Note that some developers don't actually use the "As Is" language. PIXLR has a EULA that contains a very detailed disclaimer but doesn't specifically use the terms "As Is" or "As Available":
The provision still describes a situation where the user accepts the software and service "as is." But it is not as obvious and conspicuous as it would be if the "As Is" or "As Available" language was actually present. This shows how "As Is" and "As Available" act as clarifying terms, even if they are not technically legally required.
The terms are not always in All-Caps either. Automattic, for its product WordPress, prefers using highlighting instead of caps to emphasize important clauses, including "As Is":
Automattic doesn't use any method of emphasis such as All-Caps, highlighting or distinctive fonts, and this is still ok.
Nest Labs creates systems and software for thermostat control, security, and smoke and carbon monoxide alarms. In its EULA, it does not contain any emphasis on its "as is" or "as available" section.
These are the exceptions and depending on your level of risk tolerance, you may decide to take a different approach or stick with the tradition. Generally, most developers use All-Caps for their "As Is" and "As Available" statements.
Google Chrome keeps "As Is" in All-Caps along with its exclusion of warranties provisions:
Rovio contains an "As Is" under its EULA warranty disclaimer. While it does not include "As Available" it also does not guarantee service will always remain uninterrupted:
Apple sells both products and services so it is more thorough in its T&C. "As Is" and "As Available" are present in All-Caps with the rest of its warranty disclaimer:
Spotify is an online music service that also offers a downloadable app. Its T&C includes "As Is" and "As Available" along with a use "at your own risk" warning:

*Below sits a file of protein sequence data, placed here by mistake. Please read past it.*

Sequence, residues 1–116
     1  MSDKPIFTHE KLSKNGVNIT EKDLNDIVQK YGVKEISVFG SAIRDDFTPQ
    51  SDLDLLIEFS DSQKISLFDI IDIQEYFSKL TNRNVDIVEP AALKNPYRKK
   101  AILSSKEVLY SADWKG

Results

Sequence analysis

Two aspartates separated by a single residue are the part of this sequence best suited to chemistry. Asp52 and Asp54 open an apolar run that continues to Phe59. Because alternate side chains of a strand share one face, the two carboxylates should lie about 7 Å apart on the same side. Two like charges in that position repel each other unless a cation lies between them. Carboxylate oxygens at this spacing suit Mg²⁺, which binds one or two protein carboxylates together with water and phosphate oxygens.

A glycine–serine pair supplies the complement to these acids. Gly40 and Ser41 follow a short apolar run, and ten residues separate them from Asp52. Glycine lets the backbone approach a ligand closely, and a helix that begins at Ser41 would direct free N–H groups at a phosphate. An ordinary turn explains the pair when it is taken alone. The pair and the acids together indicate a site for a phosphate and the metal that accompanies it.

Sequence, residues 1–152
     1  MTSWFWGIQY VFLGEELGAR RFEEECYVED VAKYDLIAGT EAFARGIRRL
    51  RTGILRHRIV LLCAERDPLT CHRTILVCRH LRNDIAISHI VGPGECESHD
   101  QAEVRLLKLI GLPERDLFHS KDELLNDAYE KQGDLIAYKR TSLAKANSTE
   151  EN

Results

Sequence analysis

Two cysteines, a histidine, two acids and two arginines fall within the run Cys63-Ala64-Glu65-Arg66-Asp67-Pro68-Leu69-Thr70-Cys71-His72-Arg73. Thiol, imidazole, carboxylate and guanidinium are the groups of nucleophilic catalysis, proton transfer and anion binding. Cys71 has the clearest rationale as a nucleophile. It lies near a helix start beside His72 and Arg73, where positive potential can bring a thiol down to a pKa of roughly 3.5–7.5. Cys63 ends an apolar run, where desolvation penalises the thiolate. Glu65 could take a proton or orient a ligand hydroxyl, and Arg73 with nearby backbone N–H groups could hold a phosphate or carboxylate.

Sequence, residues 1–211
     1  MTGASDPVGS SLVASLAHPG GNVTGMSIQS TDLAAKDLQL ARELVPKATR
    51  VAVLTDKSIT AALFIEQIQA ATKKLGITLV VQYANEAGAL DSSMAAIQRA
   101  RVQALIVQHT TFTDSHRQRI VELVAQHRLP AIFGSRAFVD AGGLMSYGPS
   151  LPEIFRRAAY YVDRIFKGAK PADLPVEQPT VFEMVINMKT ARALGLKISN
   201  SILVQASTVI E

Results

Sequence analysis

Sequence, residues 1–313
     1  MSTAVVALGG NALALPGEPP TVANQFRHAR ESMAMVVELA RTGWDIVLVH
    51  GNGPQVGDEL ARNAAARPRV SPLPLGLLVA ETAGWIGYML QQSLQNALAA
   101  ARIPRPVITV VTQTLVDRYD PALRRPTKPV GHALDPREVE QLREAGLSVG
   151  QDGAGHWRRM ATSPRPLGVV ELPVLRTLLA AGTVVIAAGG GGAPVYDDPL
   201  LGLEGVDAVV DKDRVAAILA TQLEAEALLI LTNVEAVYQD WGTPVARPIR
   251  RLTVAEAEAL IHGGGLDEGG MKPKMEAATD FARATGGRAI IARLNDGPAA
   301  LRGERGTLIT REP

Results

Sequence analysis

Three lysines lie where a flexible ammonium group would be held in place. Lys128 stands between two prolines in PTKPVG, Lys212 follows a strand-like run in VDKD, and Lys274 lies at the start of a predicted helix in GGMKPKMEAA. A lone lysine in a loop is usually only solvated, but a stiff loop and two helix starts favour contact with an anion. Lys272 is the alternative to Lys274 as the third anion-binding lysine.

As these examples show, the use of "As Is" and "As Available" is based more on preference and a developer's desires to avoid risk. You will have to assess these for yourself when deciding how to use these provisions.
There are three factors to consider when deciding how to use "As Is" and "As Available":
- Risk Involved - If you run a service like Adobe Creative Cloud, an outage not only affects you but the bottom line of your users. Your warranty disclaimer language must be clear to assure you do not end up facing multiple lawsuits from users who could not perform their work that day. "As Is" and "As Available" together help with that. However, if you distribute a game, an outage is frustrating but not disastrous. You could likely get away with excluding "As Is" and "As Available" but some game developers, like Rovio, prefer to keep at least one of them.
- Agreement clarity - If your T&C or EULA is short and easy for users to read, you may not require the extra emphasis provided by "As Is" and "As Available" for your warranty disclaimers. This is especially true if you adopt a plain language or even FAQ-styled T&C. Lengthy agreements that are thick in legal language benefit from "As Is" and "As Available" because those are common terms consumers find familiar. That removes doubt. (The PIXLR example above would clearer if it used "As Is" or "As Available.")
- Size of user community - Perhaps the likelihood for product failure or offline time is low, but you have a large enough user base that it is not worth the risk. A popular game (like Rovio's Angry Birds franchise) or online music service having issues leads to bad public relations and possibly monetary damages against the developer. While the product or service may not be essential, a large dedicated user group is a risk in itself--as well as a benefit. Offering "As Is" or"As Available" offers protection if the unthinkable happens.
While neither clause is required for your contracts, they are time-tested and effective. You enjoy more protection from liability when including "As Is," "As Available" or both then you would have if you exclude them. The best course of action is to find a way to integrate them into your T&C or EULA.